not be had as for a contempt for the non-payment of money ordered by the court to be paid when the payment can be enforced by exe(',ution, and imprisonment for non-payment of costs is abolished. The power of the courts of the United States to punish for contempt and imprison for non-pa.yment of money judgments is circumscribed and controlled by the laws of the state; and where an order made in the progress of the cause is of the character in substance of a judgment or decree for the payment of money. it cannot be enforcecl upon the theory that disobedience is a contempt. Rev. St. §§ 725, 990; In re Atlantic Mut'ual Ins. Co. 17 N. B. R. 368; The Blnnche Page, 16 Blatchf.l; Catherwood v. Gapete, 2 Curt. 94; U. S. v. Tetlow, 2 Low. 159; Low v. Durfee 5 FED. REP. 256. The motion is denied.
May 30, 1884.,
(Oircuit Oourt, N. D. New York.
ORDER PRO CONFEsso-DOES NOT EN'tITLE COMPLAINANT TO FINAL DECREE AS OF COURSE.
A complainant is not entitled as of course to a tinal decree when he has obtained an order pro confesso, he not being permitted to take at his discretion such a decree as he may be willing to abide by.
2. FINAL HEARING-RIGHT TO DOCKET FEE-REV. ST. § 824
The consideration of a bill is a hearing, and is tinal when it results in the tinal disposition of a cause. and entitles a party to a docket fee under Rev. St.
InEquity. Thos. D. Richardson, for complainant. R. A. Stanton, for defendant. WALLACE, J. The defendant objects to the taxation by the clerk of a docket fee of $20 as part of the costs of the complainant upon a final decree herein. The defendant did not answer or demur to the bill, and complainant took an order for a decree pro confesso, and subsequentlyobtained a final decree. As the cause has been finally determined, and as its determination involved a hearing by the court, there has been a final hearing within the meaning of section 824, Rev. St., which authorizes a dock;et fee of $20 to be tax.ed. There has been much discussion of the meaning of the term "final hearing," as used in this section, and a diversity of opinion is found in the decisions. Several cases decide that any order or determination which results in a final disposition of the cause, including a dismissal of the bill on the motion of the complainant, or the dismissal of an appeal by the appellee for irregularity on the part of the appellant in bringing it to a hearing, is a final hearing. Hayford v. Griffiths, 3 Blatchf. 79; The Alert, 15 FED. REP. 620; Goodyear v. Sawyer, 17 FED. REP. 2. Other
cases hold that there is a final hearing only when some question of law or fact has been submitted to the court requiring not merely formal action but consideration. Coy v. Perkins, 13 FED. REP. 112; Yale Lock Co. v. Colvin, 14 FED. REP. 269. The defendant relies upon the authority of these latter decisions, but they are not decisive here, because a complainant is not entitled, as of course to a final decree when he has obtained an order pro confesso. The matter of the bill is still to be decreed by the court, and then only when it is proper to be decreed. The bill is to be examined to see if the facts alleged entitle the complainant to relief. According to the earlier practice of the English chancery a bill would not be taken pro confesso without putting the complainant to prove its material allegations. Johnson v. Destnineere, 1 Vern. 223. The later practice is to set down the bill for hearing, upon an order previously obtained that the bill be taken pro confesso, whereupon the record is produced, and the court hears the pleadings and pronounces the decree. The complainant is not permitted to take at his discretion such a decree as he may be willing to abide by. Geary v. Sheridan, 8 Ves. 192. This is the practice which obtains under the equity rules of this court. The consideration of the bill is a hearing, and is final when it results in the final disposition of the cause. The taxation was correct.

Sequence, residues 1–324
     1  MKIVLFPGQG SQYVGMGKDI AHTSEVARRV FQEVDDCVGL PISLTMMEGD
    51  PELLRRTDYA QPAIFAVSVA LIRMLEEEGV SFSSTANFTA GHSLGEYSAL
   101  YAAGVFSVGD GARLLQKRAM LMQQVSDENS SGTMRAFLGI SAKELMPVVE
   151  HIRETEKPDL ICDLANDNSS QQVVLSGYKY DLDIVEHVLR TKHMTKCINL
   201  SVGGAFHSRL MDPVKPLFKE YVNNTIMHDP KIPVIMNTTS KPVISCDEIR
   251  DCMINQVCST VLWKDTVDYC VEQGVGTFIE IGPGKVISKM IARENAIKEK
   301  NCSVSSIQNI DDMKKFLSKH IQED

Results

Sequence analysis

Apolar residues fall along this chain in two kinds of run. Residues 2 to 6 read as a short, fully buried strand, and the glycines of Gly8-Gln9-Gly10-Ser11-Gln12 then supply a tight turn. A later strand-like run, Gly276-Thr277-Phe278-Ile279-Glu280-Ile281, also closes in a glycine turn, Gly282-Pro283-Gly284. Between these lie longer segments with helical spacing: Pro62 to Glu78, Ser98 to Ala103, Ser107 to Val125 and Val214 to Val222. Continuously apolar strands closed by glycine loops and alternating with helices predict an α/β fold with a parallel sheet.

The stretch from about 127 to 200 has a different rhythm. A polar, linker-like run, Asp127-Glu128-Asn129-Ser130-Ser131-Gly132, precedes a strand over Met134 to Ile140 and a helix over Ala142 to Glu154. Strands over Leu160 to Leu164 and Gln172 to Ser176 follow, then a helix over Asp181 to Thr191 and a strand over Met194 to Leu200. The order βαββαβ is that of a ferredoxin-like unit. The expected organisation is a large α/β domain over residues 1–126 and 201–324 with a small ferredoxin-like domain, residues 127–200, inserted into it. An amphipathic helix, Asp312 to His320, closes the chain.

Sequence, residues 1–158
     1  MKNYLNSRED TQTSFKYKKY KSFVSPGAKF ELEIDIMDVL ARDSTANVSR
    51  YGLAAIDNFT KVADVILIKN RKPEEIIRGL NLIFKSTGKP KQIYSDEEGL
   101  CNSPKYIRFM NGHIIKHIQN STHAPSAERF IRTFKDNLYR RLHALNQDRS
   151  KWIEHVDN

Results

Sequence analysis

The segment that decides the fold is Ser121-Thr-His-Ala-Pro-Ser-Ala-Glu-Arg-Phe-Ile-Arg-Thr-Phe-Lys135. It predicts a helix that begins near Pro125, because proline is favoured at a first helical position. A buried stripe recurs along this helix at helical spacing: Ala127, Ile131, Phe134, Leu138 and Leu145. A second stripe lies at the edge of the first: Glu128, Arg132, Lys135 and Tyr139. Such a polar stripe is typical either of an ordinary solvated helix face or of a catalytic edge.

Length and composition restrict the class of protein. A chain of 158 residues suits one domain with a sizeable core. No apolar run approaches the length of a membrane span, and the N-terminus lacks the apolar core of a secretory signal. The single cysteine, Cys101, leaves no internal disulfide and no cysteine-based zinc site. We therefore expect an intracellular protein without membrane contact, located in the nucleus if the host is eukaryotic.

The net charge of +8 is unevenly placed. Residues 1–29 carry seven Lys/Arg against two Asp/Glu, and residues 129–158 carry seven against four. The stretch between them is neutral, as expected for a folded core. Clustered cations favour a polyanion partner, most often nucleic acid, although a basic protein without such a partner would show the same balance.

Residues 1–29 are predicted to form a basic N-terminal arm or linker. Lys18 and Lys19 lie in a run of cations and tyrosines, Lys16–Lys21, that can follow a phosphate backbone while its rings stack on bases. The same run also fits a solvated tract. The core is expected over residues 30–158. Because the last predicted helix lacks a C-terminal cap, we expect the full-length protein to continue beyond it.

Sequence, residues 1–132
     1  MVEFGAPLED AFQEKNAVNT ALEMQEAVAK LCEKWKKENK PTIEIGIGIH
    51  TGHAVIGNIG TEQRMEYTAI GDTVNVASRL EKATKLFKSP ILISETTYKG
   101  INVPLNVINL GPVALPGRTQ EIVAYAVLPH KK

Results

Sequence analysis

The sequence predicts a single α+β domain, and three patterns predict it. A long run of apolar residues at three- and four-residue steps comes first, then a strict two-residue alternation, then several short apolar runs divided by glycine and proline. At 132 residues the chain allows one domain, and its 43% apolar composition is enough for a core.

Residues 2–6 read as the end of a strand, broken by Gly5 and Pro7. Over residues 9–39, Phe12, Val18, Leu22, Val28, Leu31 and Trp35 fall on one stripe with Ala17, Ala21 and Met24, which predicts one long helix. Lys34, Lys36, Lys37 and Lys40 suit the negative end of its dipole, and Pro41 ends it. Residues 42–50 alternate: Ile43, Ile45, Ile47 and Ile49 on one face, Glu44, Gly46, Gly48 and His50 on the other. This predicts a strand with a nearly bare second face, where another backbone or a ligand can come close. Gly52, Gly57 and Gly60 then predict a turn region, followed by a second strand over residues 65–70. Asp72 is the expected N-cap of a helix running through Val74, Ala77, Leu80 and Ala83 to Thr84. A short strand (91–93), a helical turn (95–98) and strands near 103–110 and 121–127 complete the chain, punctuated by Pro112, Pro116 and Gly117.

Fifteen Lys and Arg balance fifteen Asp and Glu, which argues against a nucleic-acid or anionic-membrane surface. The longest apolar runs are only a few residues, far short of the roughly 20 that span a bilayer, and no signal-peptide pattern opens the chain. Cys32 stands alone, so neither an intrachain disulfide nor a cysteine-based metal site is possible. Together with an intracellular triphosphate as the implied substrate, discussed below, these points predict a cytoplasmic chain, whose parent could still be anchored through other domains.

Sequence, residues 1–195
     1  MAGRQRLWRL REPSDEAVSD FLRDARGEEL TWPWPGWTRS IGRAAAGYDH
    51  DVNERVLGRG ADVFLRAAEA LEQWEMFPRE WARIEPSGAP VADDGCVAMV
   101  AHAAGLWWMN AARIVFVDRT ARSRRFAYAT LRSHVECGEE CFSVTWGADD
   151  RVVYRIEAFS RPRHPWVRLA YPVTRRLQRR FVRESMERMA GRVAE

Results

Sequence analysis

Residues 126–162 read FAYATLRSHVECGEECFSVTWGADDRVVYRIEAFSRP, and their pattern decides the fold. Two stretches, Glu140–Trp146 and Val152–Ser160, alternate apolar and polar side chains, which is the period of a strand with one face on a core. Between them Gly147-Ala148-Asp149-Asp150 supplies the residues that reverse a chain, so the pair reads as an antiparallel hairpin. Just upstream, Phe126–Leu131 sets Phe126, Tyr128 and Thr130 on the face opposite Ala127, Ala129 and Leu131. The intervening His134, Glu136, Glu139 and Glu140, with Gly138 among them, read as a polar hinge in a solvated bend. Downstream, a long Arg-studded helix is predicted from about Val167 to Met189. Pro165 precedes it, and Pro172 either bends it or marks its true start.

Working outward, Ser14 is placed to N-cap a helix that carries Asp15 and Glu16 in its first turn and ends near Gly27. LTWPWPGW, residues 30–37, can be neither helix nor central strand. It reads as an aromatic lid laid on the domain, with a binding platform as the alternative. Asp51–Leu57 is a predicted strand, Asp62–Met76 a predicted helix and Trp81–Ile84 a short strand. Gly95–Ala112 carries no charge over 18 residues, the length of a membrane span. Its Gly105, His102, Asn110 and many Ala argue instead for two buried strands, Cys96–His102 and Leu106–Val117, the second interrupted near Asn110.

and another v.
COMMONWEALTH OF VIRGINIA.
(Cirouit Court, E. D. Virginia. May 12, 1884.)
CONSTITUTIONAL LAW-STATE STATUTE MAKING ()OUPONS ON BONDS RECEIVABLE FOR TAXES-SUBSEQUENT STATUTE.
Where a state contracts, in terms, that the coupons attached to its bonds shall be receivable in payment of ,I all debts, dues, aud demands due the state," the contract embraces license taxes; and if, iu a subsequent law, it prescribes such conditions precedent to the issuing of licenses as to enforce the payment of license taxes in money, aud to preclude their payment in coupons, violates that clause of the tenth section of the first article of the constitution of the United States which forbids any state from passing any law impairing the obligation of contracts.
SAME-RIGHT OF CITIZEN TO SUE STATE-JURISDICTION OF CmCUIT COURT.
QUaJre, whether the first clause of the second section of the third art.icle of the United States constitntion, which extends the judicial power of the United States to all cases in law and equit;y arising under the constitution and laws of the United States, as this clause is put in force by the first section of the judiciary act of congress of March 3, 1875, giving jurisdiction of all such cases to the circuit conrts of the United States, authorizes a citizen to sue his own state, in such a case, in a federal court.
SAME - ()ONFORMITY TO PRACTICE IN STATE COURT SPECIAL ACT AUTHOlUZIKG SUIT. REPEAL BY STATE OF
Even thoug-h (under section 914 of the Revised Statutes, requiring proceedings at law in courts of the United States to be conformed to proceedings in similar cascs in state courts) an anomalous prllcecding at Jaw may be brought